Several times a year, I sent postcards of my exhibitions to family and friends, because, via this grapevine, I heard that Mom bragged about my shows to others (never to my face). She’d always encouraged my sisters and me to look good to the outside world and apparently my art shows worked that way for her.
When I was fifty years old, Mom collapsed with a fatal brain bleed. Once my grief subsided a little, I slowly began to feel free from compulsive achievements. A few months after her funeral, I had an exhibit in Europe, but felt no need to send out the usual postcards – a revelation.
Now, retired from teaching, I’m gradually learning to scale down my goals to a smidgeon of what they once were. After Mom passed, I found plenty of authority figures to substitute for her: gallery owners, curators and art critics. Slowly, I stopped trying to please others, first and my life became more manageable and pleasant. I continued to exhibit my art for the joy of creation and sharing it, not from trying to impress others. I’ve learned to put my fundamental essentials first. Will the next offered exhibit be gratifying for me or, perhaps, beneficial for my personal growth?
Lately, when offered a show in Venice, Italy in 2022, I didn’t jump on it. I thought about it for months and discussed the details with trusted friends and colleagues to determine if the effort involved would benefit my inner needs. First, I added up expenses and found it fit into my budget. Although it sounded obvious, I discovered that when I avoided financial stress, I enhanced my opportunities to enjoy and learn. With my gallery dealer, we evolved a new manner of presentation. Rather than framed drawings, collages and paintings which cost an enormous amount to pack, crate and ship, we decided I might draw and paint on silk. Lightweight and rolled around a cardboard tube, no frames would be required, perfect for a European exhibit. I felt excited to launch into the new media rather than the paper and canvas I’d formerly used. Creative delight filled me with anticipation. This mindset could launch me on new and interesting explorations.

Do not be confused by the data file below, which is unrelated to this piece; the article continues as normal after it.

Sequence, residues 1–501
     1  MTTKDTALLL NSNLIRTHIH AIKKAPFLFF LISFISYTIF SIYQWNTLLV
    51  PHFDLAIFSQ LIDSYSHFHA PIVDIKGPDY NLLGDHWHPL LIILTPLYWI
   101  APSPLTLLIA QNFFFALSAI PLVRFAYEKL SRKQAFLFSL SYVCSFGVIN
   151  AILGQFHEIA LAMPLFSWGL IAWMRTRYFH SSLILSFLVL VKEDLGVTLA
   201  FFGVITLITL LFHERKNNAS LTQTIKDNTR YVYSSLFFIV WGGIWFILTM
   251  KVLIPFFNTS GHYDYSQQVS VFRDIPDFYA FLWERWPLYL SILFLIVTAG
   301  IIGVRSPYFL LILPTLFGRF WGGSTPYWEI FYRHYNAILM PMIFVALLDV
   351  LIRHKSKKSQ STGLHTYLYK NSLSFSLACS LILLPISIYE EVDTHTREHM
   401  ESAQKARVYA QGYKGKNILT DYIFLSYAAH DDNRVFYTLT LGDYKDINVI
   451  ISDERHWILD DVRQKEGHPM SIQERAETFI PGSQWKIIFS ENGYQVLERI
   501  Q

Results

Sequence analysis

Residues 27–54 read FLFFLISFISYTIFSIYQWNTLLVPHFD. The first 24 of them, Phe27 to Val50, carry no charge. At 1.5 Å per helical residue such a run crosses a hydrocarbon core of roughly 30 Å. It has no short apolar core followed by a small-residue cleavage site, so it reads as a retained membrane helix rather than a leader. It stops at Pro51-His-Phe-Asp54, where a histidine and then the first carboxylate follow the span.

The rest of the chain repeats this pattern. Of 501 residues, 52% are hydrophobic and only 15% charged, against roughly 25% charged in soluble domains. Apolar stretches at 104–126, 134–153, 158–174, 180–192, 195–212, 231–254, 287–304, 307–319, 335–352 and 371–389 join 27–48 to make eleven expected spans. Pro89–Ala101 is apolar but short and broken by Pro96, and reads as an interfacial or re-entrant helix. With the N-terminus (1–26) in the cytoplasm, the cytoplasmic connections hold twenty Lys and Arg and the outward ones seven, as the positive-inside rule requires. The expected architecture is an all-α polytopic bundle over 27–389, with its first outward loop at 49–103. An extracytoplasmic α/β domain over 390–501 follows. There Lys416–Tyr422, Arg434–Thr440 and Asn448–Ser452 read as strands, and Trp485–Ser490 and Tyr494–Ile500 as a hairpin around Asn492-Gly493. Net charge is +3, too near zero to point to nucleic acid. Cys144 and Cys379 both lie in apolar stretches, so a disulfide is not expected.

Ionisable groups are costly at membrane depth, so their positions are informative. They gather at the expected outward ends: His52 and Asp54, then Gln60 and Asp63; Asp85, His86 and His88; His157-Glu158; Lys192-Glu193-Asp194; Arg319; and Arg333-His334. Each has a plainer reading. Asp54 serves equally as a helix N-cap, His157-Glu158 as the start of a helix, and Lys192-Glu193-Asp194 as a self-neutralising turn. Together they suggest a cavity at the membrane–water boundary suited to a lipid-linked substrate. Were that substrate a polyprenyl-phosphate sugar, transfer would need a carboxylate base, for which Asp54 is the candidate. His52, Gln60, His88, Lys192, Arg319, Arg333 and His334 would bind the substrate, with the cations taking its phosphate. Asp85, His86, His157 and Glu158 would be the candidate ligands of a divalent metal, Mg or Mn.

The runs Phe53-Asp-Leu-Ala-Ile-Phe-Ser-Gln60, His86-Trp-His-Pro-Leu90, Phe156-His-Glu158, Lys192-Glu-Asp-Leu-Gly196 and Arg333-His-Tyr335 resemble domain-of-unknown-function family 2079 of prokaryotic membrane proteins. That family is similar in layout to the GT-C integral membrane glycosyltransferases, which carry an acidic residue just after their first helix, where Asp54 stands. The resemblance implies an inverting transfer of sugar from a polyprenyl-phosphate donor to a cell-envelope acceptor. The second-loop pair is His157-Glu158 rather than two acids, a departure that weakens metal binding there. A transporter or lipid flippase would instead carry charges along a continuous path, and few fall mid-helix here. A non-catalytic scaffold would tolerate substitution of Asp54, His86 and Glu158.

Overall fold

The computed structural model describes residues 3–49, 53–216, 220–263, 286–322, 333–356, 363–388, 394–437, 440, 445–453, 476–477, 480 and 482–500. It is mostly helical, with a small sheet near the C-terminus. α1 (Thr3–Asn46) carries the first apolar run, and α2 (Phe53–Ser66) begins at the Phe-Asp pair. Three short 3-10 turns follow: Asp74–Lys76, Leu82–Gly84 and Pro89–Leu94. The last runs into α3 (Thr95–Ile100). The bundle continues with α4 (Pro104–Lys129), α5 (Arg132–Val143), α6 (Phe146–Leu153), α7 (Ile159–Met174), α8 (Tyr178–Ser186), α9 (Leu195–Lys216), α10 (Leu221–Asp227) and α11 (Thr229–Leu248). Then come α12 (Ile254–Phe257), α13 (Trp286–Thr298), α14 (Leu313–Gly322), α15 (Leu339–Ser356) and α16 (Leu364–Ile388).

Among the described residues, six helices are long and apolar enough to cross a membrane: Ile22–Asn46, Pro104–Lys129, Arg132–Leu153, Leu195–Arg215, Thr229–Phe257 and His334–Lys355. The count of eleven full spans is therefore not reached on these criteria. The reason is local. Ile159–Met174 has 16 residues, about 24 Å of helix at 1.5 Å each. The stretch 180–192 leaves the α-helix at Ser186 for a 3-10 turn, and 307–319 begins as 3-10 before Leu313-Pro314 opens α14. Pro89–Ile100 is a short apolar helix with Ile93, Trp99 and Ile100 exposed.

Rather than the overwhelming urge to impress or please someone that used to be my main motivation, I’ve found that my spiritual and creative energies favored baby steps to point me in nurturing directions. Being offered an exhibit in Venice was big and I felt tempted to plunge in head first. However, all the tiny decisions needed beforehand grounded me and determined whether I embarked on a wholesome and helpful internal journey. So far, signs point to Venice.